Acxiom’s Inaccurate Data and Why It’s So Useful

The oldest and largest marketing data aggregator, Acxiom, recently opened up its database to let individuals see and edit the data that the company has collected about them. Data scientists and marketers have been viewing the data and, often, chuckling at its inaccuracy. Acxiom admits that up to 30% of its data is wrong, and yet it’s the industry leader. How can Acxiom make so much money with data that’s only 70% accuracy? Simple: Most marketers’ data is worse, and in the land of the blind the one-eyed man is king.

Over 100 years ago William Lever in England (the soap tycoon whose name still appears on Unilever bar soap) and John Wanamaker in the U.S. (New York City merchant and advertising pioneer) said that half their advertising wasn’t working, but they didn’t know which half. They were driving blind. Data aggregation and campaign testing methods from companies like Acxiom started to change all that 40 years ago. There are a number of technical reasons that 70% accuracy is good enough to tell what’s working: data redundancy, diminishing returns, and compound results.

A great deal of consumer marketing data is redundant, or highly correlated, with other consumer data, so if one attribute is inaccurate then data scientists can use other attributes that essentially contain the same information. Redundancy is due both to the way we collect and organize consumer data and to the fact that members of a group tend to behave similarly. A trivial example is the attributes “presence of children” and “number of children”: presence of children being true is highly correlated with number of children being above zero. Another example is household income, home value, and ZIP Code. Within the same ZIP Code, household income is correlated with home value because people who live in the same area tend to behave similarly, including spending about the same portion of their income on homes. Acxiom’s new website exposes 125 consumer attributes, but Acxiom, Experian, BlueKai, NeuStar, and others track more than 2,500 attributes of every consumer. There’s a lot of redundancy when dealing with 2,500 attributes. Data scientists—and the massive computing power available to them today—are good at exploiting that redundancy to avoid inaccurate data.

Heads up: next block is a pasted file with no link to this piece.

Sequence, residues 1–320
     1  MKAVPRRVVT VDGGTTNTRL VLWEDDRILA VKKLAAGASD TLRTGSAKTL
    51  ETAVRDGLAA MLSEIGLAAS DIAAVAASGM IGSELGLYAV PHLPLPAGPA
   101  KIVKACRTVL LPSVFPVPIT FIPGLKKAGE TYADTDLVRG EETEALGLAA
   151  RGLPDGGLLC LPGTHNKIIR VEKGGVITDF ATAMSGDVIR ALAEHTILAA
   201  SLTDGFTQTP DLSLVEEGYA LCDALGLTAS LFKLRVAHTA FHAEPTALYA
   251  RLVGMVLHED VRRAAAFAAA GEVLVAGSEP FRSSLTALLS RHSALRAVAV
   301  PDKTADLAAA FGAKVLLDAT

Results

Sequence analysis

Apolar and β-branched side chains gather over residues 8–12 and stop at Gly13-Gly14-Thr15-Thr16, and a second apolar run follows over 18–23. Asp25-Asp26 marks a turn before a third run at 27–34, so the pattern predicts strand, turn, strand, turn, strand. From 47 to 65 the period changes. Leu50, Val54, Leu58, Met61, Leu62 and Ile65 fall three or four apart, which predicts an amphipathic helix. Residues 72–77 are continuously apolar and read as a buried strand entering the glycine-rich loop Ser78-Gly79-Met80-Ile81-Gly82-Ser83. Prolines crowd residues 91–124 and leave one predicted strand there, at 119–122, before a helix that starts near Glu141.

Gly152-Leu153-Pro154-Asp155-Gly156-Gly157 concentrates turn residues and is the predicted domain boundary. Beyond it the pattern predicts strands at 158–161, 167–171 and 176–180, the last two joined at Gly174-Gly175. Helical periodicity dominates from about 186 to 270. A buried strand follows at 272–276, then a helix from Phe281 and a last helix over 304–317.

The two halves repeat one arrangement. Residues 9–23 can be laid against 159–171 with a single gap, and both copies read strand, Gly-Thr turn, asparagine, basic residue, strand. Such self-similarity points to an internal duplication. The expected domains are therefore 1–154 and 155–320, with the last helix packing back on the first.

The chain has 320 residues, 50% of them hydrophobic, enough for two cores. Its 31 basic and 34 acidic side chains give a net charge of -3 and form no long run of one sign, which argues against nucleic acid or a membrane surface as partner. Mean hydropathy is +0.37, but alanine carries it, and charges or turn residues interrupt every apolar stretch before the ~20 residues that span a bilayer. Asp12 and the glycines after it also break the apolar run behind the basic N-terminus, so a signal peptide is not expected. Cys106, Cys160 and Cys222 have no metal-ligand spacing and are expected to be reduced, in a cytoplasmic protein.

Additionally, there are rapidly diminishing returns for data accuracy and 70% accuracy has good ROI for many marketing applications. Seventy percent might not be good enough for trans-Atlantic flight navigation or accounts receivable, but it’s fine for marketing. Given any input data, even random noise, marketers can create a model to predict which consumers will respond to a campaign. More accurate models are better of course since they allow marketers to efficiently move resources between creative development and campaign delivery. For example, if a model is highly accurate then we can spend more on the creative and less on the delivery because we don’t need to reach as many consumers to meet our business goals. But more accurate models require better data and more data scientists, both of which are costly.

Yet even inaccurate models can be profitable. Direct mail campaigns often have a 1% response rate which means that they’re wrong 99% of the time. Many retail websites have just a 2% conversion rate and are considered successful. The eminent statistician George Box wrote that “essentially, all models are wrong, but some are useful.” A 1% response rate can be very useful if you manage your creative and delivery costs to fit that, and don’t overspend on data and modeling.

Last, 70% data accuracy is good enough because marketing isn’t a single campaign game, but rather marketers use their data to develop a campaign, execute it, learn from it, and repeat. If a marketer’s data and lessons-learned are even slightly better than their competitors’ then they acquire new customers, and gain more private first-party data on those consumers’ behavior, which they can then leverage in their next campaigns. That is, even a slight advantage compounds over time. Consider Capital One. The financial services firm started in the late 1980s with the same consumer data that everyone else had, but outperformed its competitors using better modeling, better experiments, and more experiments, reportedly as many as 30,000 experiments per year.

So go to Acxiom’s website and checkout the data that they have on you. If it says that you’re into gourmet cooking when actually you haven’t so much as boiled water in months, then have a good laugh. But in aggregate that data has been very useful for a very long time. And, oh yeah, Acxiom is coming online in a big way. Eighteen months ago Acxiom hired Phil Mui as its chief product officer. Mui is wicked smart, with a Ph.D. from MIT and a masters from Oxford, and was the product manager for Google Analytics for six years. Looks like Acxiom’s data might be useful for another 40 years.

Doug Bryan is a data scientist at RichRelevance.

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